Jan. 27, 2017
By Leigh Torbin
The rafters of Purcell Pavilion at the Joyce Center are filled with banners commemorating the many accomplishments of the dynastic Notre Dame women’s basketball program. Six-foot tall swatches of cloth hang over comfortable blue seats commemorating the 2001 national championship, seven Final Four appearances, 14 Sweet 16s, 23 NCAA Championship berths, plus championships of the BIG EAST and Atlantic Coast conferences. It is an impressive collection befitting one of the sport’s national powers.
High above a garish blend of multi-colored wooden seats and bleachers, when Beth Morgan (Cunningham) made her collegiate debut in 1993, hung just one NCAA banner. No banners signifying championships of major conferences could be found. The Fighting Irish locker room needed some work. A crowd of 598 fans witnessed Morgan’s collegiate debut on Nov. 27, 1993, against Illinois-Chicago, nearly 8,000 fans below what the 2016-17 Irish average per home game.
The Ring of Honor, into which Cunningham will be inducted following Sunday’s game against Virginia, did not exist. Legends Skylar Diggins, Niele Ivey and Ruth Riley were years away from suiting up for Notre Dame. Diggins was three years old.
Karen and Kevin Keyes Family Head Women’s Basketball Coach Muffet McGraw was not a soon-to-be Hall of Fame coach with an endowed position but rather a young sparkplug with six years of Notre Dame experience coming off of seasons where the Irish went 14-17 and 15-12.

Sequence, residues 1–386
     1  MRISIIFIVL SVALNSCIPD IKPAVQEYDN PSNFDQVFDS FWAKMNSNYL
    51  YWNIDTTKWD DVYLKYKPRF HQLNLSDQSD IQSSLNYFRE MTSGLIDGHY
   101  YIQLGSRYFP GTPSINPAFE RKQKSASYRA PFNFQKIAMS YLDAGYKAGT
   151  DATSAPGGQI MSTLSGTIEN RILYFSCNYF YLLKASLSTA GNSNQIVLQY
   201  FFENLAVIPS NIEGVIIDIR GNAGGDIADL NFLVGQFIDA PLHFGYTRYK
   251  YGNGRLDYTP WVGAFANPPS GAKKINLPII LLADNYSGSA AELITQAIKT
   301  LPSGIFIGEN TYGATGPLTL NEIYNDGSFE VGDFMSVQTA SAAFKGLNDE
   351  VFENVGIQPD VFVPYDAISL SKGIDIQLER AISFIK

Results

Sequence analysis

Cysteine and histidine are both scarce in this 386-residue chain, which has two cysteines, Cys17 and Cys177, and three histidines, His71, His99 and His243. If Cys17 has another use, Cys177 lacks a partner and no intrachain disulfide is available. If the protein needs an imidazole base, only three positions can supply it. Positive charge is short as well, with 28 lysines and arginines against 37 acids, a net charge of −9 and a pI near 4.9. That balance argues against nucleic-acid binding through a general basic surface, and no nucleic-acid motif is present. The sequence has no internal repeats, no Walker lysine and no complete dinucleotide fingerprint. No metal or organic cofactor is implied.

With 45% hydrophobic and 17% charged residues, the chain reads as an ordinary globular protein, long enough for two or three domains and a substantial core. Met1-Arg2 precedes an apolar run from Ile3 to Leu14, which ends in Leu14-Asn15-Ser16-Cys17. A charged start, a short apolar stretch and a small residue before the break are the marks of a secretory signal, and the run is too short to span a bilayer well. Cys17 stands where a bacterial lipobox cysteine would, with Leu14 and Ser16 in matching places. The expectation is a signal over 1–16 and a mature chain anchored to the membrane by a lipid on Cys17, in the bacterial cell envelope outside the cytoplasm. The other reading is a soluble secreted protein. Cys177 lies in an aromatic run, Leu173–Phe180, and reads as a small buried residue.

An all-state player at Bloomington South High School, the nation’s elite programs sought out Morgan. Schools from the most powerful conferences with national championship rings on their fingers visited the Morgan home. Morgan knew not to be swayed by the glitz. She had grown up immersed in the world of college sports though her father, Indiana University baseball coach Bob Morgan.
The Morgans did not have a crystal ball on their kitchen table, but through her upbringing, the young Beth Morgan knew how to foresee the potential in the 14-17 team 200 miles to her north. Morgan recognized the world-class education Notre Dame placed on the table. Further, she knew that all the Irish needed to raise the women’s basketball program to a status commensurate with its other nationally-known teams was someone like her.